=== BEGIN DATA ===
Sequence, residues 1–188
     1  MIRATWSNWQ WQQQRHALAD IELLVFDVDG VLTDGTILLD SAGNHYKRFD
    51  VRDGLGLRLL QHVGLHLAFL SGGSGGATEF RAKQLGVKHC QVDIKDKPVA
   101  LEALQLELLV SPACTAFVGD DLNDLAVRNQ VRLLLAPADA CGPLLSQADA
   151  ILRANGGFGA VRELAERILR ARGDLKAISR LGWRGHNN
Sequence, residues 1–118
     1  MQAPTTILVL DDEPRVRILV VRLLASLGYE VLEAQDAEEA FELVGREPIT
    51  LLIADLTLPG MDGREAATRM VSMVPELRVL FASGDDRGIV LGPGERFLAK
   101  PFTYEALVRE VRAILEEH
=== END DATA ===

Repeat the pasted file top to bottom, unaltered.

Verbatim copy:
Sequence, residues 1–188
     1  MIRATWSNWQ WQQQRHALAD IELLVFDVDG VLTDGTILLD SAGNHYKRFD
    51  VRDGLGLRLL QHVGLHLAFL SGGSGGATEF RAKQLGVKHC QVDIKDKPVA
   101  LEALQLELLV SPACTAFVGD DLNDLAVRNQ VRLLLAPADA CGPLLSQADA
   151  ILRANGGFGA VRELAERILR ARGDLKAISR LGWRGHNN
Sequence, residues 1–118
     1  MQAPTTILVL DDEPRVRILV VRLLASLGYE VLEAQDAEEA FELVGREPIT
    51  LLIADLTLPG MDGREAATRM VSMVPELRVL FASGDDRGIV LGPGERFLAK
   101  PFTYEALVRE VRAILEEH